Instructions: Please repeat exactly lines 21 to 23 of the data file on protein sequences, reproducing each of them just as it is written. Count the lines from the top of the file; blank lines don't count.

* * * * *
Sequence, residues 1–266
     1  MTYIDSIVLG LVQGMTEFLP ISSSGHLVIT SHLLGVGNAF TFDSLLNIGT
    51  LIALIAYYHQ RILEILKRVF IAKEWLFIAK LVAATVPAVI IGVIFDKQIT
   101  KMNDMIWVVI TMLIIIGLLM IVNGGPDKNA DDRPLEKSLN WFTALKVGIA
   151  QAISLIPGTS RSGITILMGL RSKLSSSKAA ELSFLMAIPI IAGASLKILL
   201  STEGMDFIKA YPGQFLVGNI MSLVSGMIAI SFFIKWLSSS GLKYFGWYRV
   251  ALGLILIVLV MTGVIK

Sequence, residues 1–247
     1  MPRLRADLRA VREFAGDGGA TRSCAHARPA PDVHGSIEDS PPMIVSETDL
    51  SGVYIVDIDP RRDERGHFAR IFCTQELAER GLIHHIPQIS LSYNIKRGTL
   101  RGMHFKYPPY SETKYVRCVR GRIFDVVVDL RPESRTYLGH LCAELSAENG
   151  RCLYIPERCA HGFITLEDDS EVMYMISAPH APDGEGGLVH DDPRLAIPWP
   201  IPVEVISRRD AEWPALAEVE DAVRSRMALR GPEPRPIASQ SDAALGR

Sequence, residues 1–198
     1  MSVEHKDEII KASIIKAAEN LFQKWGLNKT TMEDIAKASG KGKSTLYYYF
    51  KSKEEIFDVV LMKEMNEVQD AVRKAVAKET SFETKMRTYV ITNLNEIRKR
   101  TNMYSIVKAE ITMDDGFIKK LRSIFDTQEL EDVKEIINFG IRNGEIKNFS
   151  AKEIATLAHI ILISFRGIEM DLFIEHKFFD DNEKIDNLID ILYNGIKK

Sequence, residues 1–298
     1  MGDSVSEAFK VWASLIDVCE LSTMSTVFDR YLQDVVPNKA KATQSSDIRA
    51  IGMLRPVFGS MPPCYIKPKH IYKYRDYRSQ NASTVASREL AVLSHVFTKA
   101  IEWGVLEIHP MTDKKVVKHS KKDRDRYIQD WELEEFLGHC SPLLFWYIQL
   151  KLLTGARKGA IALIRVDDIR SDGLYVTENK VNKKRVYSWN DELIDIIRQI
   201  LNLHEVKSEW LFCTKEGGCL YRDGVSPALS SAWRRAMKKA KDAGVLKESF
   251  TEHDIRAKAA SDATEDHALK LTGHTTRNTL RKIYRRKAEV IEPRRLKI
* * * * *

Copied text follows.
    51  IGMLRPVFGS MPPCYIKPKH IYKYRDYRSQ NASTVASREL AVLSHVFTKA
   101  IEWGVLEIHP MTDKKVVKHS KKDRDRYIQD WELEEFLGHC SPLLFWYIQL
   151  KLLTGARKGA IALIRVDDIR SDGLYVTENK VNKKRVYSWN DELIDIIRQI